Ryanair's Michael O'Leary: Aer Lingus will break up no matter who owns it
"Because of previous government submissions to the European competition authorities, no matter who buys Aer Lingus at this stage, it will broken up in some way, shape or form," he insisted, speaking at Ryanair's headquarters in Dublin yesterday.
"The Irish government has been so blinkered in its approach to this in the last five or six years," Mr O'Leary claimed.
His comments came as investors await a third offer from British Airways' owner IAG to buy Aer Lingus. Two indicative offers for the airline from IAG have already been rebuffed by the Aer Lingus board.
The last offer - at €2.40 per share - valued Aer Lingus at just under €1.3bn. Ryanair owns 29.8pc of Aer Lingus and the Government controls 25.1pc.
Mr O'Leary claimed previous governments hadn't taken a strategic view of what was best for Irish airlines over the next 20 or 30 years.
He insisted that Ryanair wouldn't be putting up prices if it had bought Aer Lingus.
"We are Lidl and Aldi here. We do not get a monopoly and put up prices because we're too busy trying to double the size of the operation in the next five or 10 years," he said.
The airline chief also said that there's a "national obsession" about the perceived importance of London's Heathrow airport that is "entirely misplaced".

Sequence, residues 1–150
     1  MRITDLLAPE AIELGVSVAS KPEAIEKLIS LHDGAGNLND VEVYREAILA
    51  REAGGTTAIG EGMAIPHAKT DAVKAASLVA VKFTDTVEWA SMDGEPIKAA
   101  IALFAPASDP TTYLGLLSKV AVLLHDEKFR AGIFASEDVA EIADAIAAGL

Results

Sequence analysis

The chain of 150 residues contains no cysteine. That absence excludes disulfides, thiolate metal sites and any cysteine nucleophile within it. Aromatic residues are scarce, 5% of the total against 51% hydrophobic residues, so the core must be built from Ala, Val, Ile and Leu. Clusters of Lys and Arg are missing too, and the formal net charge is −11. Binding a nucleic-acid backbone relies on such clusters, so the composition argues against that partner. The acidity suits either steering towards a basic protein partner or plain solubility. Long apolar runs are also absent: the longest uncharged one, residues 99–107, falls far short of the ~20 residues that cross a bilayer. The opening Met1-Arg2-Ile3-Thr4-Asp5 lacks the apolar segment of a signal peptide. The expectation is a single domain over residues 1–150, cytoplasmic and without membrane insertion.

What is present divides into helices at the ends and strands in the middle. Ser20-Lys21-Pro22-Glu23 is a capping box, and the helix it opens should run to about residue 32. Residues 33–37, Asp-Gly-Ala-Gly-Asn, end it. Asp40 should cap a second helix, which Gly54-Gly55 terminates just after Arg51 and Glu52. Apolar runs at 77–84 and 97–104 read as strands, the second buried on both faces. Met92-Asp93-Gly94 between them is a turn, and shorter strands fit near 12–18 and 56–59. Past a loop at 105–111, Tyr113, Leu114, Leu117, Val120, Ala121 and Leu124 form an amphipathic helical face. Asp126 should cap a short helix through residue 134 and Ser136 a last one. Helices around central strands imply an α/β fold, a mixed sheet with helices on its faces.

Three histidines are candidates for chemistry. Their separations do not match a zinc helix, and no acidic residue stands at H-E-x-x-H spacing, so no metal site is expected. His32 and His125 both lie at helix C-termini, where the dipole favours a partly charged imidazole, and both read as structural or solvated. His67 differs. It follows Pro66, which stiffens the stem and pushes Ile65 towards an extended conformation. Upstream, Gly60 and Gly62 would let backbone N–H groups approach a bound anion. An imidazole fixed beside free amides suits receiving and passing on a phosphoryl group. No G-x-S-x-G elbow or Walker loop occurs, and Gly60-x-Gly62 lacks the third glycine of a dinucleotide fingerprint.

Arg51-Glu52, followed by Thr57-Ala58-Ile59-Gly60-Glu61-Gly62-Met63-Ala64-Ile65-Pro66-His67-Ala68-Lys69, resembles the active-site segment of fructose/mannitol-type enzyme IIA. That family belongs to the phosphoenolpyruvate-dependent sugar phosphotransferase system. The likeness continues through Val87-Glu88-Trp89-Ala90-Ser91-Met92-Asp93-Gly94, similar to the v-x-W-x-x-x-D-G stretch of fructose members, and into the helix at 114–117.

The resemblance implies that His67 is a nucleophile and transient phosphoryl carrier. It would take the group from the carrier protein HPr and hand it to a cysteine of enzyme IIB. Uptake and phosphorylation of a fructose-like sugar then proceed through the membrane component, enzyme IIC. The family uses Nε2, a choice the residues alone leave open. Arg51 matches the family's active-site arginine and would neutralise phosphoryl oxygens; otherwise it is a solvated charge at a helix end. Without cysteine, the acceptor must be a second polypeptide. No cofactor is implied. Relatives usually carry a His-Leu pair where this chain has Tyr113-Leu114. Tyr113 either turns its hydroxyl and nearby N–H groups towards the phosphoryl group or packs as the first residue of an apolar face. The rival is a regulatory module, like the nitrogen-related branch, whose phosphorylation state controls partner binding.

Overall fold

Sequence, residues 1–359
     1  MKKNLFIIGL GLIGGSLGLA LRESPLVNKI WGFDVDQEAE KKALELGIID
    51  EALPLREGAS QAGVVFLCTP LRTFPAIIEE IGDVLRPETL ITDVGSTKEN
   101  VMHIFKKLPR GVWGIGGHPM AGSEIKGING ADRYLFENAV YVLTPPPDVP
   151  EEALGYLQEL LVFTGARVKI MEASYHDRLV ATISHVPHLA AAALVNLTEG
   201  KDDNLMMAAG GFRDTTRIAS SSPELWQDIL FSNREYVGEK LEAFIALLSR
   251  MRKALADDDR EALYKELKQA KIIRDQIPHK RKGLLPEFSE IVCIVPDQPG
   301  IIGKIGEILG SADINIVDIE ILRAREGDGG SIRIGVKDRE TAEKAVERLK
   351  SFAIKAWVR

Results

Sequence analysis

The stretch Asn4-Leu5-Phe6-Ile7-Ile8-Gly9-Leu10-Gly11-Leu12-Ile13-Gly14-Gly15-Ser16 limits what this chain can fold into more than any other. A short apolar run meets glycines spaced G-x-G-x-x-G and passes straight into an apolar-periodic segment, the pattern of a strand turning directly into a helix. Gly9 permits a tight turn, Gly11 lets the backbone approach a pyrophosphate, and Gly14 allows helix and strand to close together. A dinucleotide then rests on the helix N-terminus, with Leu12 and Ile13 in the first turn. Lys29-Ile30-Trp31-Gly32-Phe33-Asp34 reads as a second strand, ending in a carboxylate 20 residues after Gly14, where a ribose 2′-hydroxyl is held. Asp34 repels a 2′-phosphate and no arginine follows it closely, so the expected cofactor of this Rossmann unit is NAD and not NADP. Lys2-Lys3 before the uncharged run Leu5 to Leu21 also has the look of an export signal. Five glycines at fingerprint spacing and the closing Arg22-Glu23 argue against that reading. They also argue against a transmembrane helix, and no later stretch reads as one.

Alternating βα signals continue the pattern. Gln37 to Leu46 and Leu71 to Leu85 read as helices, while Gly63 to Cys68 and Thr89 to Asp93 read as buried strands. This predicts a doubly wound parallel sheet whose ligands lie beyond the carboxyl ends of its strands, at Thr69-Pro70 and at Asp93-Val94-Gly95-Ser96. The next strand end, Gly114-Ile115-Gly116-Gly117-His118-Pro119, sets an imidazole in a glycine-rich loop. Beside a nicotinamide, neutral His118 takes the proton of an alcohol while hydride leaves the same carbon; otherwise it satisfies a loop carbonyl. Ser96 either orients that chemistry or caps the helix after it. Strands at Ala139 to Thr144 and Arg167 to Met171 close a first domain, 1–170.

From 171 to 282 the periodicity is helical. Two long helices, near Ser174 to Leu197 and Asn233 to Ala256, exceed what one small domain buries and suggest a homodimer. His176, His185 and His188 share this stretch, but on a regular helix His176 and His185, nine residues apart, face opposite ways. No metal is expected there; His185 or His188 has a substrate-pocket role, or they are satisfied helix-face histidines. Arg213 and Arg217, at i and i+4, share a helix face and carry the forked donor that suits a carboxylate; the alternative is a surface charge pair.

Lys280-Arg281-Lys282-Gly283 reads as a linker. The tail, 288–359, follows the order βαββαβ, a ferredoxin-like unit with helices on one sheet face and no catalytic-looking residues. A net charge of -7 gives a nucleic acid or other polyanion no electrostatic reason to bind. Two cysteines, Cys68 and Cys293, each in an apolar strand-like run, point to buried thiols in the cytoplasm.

He said that there's a belief that "without Heathrow we'll lose our connectivity to the civilised world and we'll just be some kind of backwater".
But he predicted that if IAG bought Aer Lingus, it would transfer the Heathrow slots British Airways uses to fly to Dublin to other services, reducing overall traffic capacity between Dublin and Heathrow.
Transport Minister Paschal Donohoe said this week that maintaining connectivity and competition would be two of the important factors the Government would assess should a formal offer by IAG to buy Aer Lingus emerge.
Fianna Fail has called on the Government to block a sale of Aer Lingus.
Mr O'Leary also said that Ryanair could conceivably make a fourth bid for Aer Lingus. He acknowledged that such a move wouldn't be likely to succeed.